Has anyone made something that tastes similar to the (discontinued) microwave product? As a bonus question, does anyone know why they discontinued the product? I doubt that it was lack of demand. I think it was only ever available in limited parts of the US.

I make popcorn in a Stircrazy quite often so I don't have a problem with the basic technique. I add the salt to the kernels and drop it all in when the 2-3 test kernels pop.

However, I love (or used to love) the Orville Redenbacher (natural, buttery salt and ) cracked pepper microwave popcorn. When the product was discontinued I tried several techniques to reproduce the flavor and nothing has worked. Here is what I tried and the results:

1) Adding cracked black pepper to the salt and kernels before popping. While the salt sticks the black pepper mostly stays in the popper.

2) Adding oil and black pepper to the kernels and salt. I mixed it well to coat the kernels and more stuck than with method #1 but much less so than the microwave product and also the flavor wasn't as "special" as the microwave product.

3) Adding cracked pepper after it is all popped. I only added this in case someone was planning to suggest it. The pepper mostly falls off.

One thing I haven't tried is grinding the pepper to dust, like popcorn salt. But then it isn't cracked pepper.

  • 1
    Never tried this, but maybe some black pepper oil?
    – derobert
    Commented Apr 25, 2014 at 2:39
  • It might not be dust, but some pepper grinders are adjustable (coarse/medium/fine) vs. just having a single grind size. The difference in size is quite significant.
    – Joe
    Commented Apr 27, 2014 at 14:33

1 Answer 1


I doubt the cracked pepper flavor in the popcorn actually comes from cracked pepper. Food technologists tend to use extracts for flavors, and then enhance the visuals. The popcorn you like is likely flavored by some sort of pepper extract (probably oil suspended) with some cracked pepper flakes thrown in for visual effect.

You may very well be able to re-create this if you take the same approach: get the flavors working and then worry about how it looks. This makes things easier in a way, you can use whatever works to get the right flavor rather than trying to get it from one ingredient.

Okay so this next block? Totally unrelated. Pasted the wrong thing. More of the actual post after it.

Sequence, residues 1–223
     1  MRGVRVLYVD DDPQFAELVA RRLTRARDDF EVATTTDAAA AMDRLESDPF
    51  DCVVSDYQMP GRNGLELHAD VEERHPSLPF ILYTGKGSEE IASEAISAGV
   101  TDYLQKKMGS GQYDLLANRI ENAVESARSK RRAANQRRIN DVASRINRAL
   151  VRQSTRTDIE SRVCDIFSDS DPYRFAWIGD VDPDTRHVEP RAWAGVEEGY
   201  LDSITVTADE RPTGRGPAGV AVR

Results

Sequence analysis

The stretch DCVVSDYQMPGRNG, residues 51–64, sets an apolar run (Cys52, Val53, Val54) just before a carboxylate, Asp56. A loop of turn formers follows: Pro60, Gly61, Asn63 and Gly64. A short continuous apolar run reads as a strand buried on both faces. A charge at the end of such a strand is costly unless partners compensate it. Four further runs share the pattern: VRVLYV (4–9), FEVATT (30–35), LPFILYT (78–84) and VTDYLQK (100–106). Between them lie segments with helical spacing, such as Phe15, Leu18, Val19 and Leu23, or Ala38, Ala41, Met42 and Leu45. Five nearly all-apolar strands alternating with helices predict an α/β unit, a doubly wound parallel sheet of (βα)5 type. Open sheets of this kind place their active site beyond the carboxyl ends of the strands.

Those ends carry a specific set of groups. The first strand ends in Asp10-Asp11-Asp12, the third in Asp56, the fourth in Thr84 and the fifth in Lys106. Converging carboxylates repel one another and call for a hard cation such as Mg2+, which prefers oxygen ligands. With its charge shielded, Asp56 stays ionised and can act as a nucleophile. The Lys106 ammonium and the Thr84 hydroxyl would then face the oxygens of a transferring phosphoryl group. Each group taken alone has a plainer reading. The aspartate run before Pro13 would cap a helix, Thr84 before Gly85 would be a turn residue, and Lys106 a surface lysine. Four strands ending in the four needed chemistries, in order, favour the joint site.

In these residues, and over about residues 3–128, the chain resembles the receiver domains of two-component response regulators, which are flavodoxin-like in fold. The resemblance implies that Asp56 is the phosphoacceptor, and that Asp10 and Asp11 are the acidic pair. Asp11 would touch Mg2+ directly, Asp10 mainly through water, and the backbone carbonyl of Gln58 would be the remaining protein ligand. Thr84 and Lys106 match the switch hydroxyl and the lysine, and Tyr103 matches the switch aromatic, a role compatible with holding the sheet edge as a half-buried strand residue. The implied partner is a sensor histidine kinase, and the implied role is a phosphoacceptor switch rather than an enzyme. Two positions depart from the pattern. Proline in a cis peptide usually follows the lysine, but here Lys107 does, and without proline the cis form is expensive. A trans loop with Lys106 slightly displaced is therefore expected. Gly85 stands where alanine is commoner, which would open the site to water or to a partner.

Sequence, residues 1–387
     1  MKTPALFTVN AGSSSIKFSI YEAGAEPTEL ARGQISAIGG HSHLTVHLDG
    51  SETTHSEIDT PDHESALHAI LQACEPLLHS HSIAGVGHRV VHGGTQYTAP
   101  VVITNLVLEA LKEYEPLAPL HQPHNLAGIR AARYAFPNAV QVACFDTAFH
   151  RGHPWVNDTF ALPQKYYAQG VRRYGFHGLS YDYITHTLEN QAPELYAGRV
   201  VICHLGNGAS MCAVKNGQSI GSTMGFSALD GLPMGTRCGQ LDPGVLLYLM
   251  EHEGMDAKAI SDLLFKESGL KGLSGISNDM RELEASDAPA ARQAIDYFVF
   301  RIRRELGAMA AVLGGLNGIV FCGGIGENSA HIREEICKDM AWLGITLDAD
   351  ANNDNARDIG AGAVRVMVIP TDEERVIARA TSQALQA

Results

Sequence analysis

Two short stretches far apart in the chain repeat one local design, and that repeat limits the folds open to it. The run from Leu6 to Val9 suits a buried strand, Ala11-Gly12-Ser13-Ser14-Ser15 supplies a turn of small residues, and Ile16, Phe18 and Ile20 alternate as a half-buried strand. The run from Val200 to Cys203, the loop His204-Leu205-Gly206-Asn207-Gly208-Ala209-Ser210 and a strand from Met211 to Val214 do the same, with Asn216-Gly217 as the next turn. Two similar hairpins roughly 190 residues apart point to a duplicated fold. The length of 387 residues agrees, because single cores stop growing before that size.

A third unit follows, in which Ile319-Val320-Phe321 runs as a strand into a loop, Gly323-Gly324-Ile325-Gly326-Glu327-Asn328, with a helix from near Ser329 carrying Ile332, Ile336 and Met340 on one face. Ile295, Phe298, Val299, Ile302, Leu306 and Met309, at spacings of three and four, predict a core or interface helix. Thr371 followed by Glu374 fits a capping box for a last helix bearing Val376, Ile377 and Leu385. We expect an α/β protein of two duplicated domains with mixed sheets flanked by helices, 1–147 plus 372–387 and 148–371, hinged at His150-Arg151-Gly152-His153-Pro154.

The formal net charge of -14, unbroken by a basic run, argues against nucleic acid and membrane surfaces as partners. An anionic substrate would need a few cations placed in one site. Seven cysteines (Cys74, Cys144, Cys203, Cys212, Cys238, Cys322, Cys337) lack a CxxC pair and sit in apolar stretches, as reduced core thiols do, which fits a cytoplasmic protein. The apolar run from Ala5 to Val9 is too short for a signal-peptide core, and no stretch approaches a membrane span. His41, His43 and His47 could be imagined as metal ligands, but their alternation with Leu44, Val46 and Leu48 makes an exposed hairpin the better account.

Pepper and chili flavors are both oil-based, and you'll have the best luck trying to get the flavor into an oil and then coating the popcorn in the oil than trying to add the flavor directly to the popcorn. Try adding your pepper dust to oil or butter and gently heating it for 20 minutes or so.

You can then try using this oil to pop your corn, this may or may not work properly as pepper tends to burn and get bitter, however if you've extracted the flavor into the oil it may work. If it does turn bitter then the oil would need to be added after the popping. Adding some cracked pepper flakes to the oil at the end ought to give you the visual effect you want as the oil will help it stick to the corn. You could add the salt to the oil or simply sprinkle it on.

  • Good idea. I will try this and report back. If I had known that my last microwave bag was my last-bag-ever I would have opened it up and scraped up some (hydrogenated) oil and tasted it.
    – Arbalest
    Commented Apr 25, 2014 at 14:41
  • 1
    I am accepting this answer since I now agree that there must be a strong extract involved. I made pepper oil as you described, with a very fine grind from whole peppercorns. 1st batch - pepper oil alone which, at this point, was like a medium dark tea. There was a slight pepper flavor. 2nd batch - pepper oil plus a 1/4 teaspoon of the pepper-slurry from the bottom of the pan. More pepper flavor but still a far cry from the microwave product. 3rd batch - much more slurry but the result did not TASTE like much more pepper, but did start to LOOK like the microwave product.
    – Arbalest
    Commented Apr 28, 2014 at 18:16

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